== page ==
Shares hit by worries over Spain

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Stock markets have fallen in the US and Europe, led by bank shares, as worries over Spain re-emerged.

The FTSE 100 dropped 1%, while Spain's Ibex fell 3.6% and the Dow Jones in New York closed down 1%.

Markets have been spooked by the rising dependence of Spain's banks, and its entire economy, on emergency ECB loans.

In bond markets, the Spanish government's 10-year cost of borrowing rose back towards 6% - a sign of fear over the country's creditworthiness.

In contrast, the cost of borrowing faced by Germany - considered the safest borrower in the eurozone - fell to 1.72%.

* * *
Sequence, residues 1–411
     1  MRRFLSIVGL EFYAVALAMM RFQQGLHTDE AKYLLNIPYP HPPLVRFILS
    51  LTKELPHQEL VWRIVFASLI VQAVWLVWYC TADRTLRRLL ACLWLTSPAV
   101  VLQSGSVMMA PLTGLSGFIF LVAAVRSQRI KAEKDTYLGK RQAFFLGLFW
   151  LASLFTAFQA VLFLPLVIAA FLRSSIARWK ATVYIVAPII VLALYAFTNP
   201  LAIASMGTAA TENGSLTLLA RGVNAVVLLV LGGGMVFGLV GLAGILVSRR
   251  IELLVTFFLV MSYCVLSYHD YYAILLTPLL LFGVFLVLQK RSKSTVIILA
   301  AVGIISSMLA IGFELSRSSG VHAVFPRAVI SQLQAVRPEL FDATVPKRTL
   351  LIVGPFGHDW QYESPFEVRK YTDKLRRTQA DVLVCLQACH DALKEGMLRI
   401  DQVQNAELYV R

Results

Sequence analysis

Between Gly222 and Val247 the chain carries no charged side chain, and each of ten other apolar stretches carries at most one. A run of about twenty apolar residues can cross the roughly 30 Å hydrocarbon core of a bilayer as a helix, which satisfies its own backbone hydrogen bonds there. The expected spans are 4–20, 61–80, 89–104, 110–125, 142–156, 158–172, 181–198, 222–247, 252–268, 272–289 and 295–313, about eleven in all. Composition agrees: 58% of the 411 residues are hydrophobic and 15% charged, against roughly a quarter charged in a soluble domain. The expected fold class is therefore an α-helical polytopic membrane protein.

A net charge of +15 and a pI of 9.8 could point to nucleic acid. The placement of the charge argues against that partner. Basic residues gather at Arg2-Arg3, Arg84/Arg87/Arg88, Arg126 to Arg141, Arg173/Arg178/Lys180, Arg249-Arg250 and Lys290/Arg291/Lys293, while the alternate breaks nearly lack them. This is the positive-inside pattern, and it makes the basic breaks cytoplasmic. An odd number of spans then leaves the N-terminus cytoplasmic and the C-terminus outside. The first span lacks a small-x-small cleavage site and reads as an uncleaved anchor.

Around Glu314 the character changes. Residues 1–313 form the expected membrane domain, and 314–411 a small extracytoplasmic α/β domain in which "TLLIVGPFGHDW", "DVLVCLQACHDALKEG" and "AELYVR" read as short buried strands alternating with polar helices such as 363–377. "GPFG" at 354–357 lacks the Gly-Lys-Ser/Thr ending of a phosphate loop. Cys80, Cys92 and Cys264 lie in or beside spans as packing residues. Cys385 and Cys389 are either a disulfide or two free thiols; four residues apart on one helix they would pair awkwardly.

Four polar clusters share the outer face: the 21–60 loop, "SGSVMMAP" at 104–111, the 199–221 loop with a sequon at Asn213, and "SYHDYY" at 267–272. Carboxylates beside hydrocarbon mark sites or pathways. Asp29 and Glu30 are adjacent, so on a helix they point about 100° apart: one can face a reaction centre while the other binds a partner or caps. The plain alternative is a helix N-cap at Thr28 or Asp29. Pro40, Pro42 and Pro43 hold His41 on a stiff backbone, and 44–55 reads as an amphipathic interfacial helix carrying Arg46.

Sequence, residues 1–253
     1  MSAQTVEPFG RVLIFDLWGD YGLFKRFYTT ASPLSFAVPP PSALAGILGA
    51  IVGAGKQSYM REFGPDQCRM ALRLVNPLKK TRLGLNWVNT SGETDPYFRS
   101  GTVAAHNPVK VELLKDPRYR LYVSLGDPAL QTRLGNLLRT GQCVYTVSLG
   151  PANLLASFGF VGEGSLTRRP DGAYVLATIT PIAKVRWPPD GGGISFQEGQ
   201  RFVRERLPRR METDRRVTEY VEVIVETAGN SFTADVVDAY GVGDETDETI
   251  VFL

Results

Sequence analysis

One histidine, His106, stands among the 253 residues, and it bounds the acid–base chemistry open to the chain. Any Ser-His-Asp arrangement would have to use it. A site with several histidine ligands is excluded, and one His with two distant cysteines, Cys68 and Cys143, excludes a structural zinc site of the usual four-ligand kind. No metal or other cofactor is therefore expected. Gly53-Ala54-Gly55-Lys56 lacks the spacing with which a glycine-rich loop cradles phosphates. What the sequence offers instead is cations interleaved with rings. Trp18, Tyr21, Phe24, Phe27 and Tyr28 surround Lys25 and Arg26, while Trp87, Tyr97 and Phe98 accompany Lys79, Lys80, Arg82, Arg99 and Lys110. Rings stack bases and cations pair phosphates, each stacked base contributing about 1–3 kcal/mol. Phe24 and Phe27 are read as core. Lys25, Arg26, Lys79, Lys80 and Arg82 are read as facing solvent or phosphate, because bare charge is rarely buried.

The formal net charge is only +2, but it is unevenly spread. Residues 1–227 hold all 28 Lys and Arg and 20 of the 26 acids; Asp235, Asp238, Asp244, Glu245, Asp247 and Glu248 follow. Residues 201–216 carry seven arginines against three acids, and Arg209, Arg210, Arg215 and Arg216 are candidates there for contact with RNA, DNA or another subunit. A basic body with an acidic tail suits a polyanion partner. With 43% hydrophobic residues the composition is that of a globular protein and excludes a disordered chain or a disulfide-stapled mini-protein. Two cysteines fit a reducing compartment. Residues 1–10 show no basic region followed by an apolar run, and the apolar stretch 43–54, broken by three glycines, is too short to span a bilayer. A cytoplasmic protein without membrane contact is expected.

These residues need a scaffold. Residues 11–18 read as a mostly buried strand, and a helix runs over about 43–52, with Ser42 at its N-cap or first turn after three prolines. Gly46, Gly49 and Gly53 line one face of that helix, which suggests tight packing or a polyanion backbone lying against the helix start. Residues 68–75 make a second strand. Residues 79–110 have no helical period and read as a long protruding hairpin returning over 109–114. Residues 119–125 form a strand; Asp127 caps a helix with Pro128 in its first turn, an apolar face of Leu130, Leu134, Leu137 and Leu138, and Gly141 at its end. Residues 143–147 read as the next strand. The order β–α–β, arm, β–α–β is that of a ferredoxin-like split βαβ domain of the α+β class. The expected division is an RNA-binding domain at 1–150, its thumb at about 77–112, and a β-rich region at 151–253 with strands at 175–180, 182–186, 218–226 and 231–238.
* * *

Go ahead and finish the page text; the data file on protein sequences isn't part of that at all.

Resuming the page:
The cost of insuring losses on Spanish debt for five years, via financial contracts called credit default swaps, rose to a record high of 4.98% per annum.

Markets are concerned at the scale of rescue loans being provided by the European Central Bank to the banks of Spain and the rest of southern Europe.

Earlier on Friday, the Spanish central bank - which is subordinate to the European Central Bank (ECB) within the eurozone's monetary system - said its net lending to its banks in March had risen to 228bn euros ($298bn; £188bn), up from 152bn euros a month earlier.

The big jump was mainly due to a second auction of three-year emergency loans carried out by the ECB, and offered to the eurozone's banks via their respective national central banks.

The increasing scale of the loans being provided by the ECB reflects the steady withdrawal by private sector investors of their own money from southern Europe to the perceived safety of Germany.